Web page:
Its action is similar to a mechanical gear box. When you are travelling slowly you change down a gear or two. This allows your mechanical gears to convert the engine torque to a higher torque albeit at a much lower output speed than the engine speed. In our turbo diesel engines when we are travelling with an engine speed above 3,000 RPM the torque converter will not do much work, the converter output speed is nearly as fast as the input speed and the stator will be free wheeling and also turning at the same speed as the rest of the converter. If you are travelling with the engine speed below 2,000 RPM the stator will be locked by its free wheeling clutch. The transmission fluid wil be travelling in a motion that increases the torque through the converter. The output speed will be slower than the input speed, just like happens in a manual box when you shift down. Better description in these pages.

The problem is that more heat is produced in the torque converter when it is working harder and increasing the torque. If you are climbing a hill and your motor speed is around 2,000 RPM or a little more your converter will be doing a lot of work and thus producing more heat. If you manually select a lower gear and spin your motor up to 3,000 RPM or a ittle more the converter will be doing less work and produce less heat.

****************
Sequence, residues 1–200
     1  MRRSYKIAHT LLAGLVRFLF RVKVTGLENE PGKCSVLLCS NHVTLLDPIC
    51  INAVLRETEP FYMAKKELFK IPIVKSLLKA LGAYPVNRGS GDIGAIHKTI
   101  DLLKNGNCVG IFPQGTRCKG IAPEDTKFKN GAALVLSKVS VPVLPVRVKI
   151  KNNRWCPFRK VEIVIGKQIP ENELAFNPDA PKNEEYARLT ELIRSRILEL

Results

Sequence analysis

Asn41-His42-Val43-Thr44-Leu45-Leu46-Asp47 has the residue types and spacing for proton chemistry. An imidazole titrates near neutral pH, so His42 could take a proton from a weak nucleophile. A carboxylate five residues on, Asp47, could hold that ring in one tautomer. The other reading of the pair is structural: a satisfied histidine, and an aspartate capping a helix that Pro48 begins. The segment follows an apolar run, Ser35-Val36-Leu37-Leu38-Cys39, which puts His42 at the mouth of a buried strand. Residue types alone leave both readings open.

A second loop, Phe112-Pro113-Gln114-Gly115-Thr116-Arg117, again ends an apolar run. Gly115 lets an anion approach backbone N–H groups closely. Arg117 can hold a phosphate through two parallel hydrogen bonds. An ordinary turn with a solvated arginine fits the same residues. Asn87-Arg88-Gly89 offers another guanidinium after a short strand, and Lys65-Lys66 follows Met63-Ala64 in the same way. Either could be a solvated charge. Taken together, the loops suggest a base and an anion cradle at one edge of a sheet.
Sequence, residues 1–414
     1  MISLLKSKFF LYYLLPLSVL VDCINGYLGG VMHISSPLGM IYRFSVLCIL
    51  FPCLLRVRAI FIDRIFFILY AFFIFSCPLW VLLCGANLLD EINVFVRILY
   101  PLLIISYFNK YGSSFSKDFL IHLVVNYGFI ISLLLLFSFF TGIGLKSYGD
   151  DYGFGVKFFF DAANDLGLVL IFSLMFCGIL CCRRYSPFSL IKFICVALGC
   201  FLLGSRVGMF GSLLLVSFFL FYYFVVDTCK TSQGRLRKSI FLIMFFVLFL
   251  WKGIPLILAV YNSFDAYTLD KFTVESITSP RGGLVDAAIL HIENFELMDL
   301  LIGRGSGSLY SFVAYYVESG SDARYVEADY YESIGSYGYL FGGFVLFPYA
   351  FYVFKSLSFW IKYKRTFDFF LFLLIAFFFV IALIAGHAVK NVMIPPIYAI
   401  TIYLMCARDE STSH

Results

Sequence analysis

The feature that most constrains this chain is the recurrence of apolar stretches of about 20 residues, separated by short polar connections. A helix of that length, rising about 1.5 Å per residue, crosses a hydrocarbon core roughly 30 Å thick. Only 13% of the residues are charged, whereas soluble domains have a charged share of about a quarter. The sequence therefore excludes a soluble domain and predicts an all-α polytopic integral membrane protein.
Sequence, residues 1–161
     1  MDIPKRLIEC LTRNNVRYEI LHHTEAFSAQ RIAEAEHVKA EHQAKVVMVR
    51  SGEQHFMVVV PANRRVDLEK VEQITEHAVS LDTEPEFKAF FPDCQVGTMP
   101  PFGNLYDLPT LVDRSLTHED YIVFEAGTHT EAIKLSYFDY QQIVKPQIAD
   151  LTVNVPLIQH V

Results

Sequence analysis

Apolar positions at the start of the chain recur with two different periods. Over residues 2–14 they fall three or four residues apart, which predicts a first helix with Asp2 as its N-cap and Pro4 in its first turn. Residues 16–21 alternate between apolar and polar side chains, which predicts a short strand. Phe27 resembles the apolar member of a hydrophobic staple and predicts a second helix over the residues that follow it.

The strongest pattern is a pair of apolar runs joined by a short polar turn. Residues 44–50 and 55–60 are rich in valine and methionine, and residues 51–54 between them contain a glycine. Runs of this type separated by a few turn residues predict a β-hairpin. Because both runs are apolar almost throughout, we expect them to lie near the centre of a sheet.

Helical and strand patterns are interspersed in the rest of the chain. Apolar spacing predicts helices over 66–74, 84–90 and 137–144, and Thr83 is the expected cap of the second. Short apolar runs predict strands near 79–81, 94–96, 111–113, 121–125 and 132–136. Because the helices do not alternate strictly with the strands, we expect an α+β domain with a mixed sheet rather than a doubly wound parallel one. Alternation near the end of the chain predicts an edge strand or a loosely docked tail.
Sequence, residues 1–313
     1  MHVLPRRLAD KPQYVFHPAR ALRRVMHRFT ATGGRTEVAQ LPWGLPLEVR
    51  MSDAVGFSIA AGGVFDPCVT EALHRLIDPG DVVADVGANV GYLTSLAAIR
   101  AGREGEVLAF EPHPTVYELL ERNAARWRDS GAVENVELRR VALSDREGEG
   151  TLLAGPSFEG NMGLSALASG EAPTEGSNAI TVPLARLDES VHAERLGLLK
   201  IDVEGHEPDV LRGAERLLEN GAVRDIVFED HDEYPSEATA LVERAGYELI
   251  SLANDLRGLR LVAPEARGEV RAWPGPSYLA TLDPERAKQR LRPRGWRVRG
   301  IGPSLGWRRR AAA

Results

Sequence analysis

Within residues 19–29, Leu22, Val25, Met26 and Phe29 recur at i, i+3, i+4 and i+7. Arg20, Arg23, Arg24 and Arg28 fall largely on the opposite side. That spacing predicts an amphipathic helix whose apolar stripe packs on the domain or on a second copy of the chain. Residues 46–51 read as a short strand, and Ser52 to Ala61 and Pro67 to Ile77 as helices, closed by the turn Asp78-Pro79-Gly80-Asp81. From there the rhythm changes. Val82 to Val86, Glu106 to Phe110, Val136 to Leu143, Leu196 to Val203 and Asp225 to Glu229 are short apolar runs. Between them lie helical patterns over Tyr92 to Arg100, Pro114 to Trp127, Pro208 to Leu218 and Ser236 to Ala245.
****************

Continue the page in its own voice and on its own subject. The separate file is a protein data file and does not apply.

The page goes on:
If you use this technique and keep your engine speed up on hills there will be no need for an extra heat exchanger.

PeterD
Retired radio and electronics technician

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Reply By: david bt50 - Sunday, Dec 01, 2013 at 14:28

Sunday, Dec 01, 2013 at 14:28
i have a 2002 prado i am towing a coromal 6.9mt total weight of around 2.5 tonne which is the limit of the prado. i also have a 3.75 tinny on top i travel at 95 kph at 2500 revs fuel economy 5km to the litre. I find travelling at this speed it is a bit easier when you come to hills. Toyota say never to tow in overdrive.
AnswerID: 522412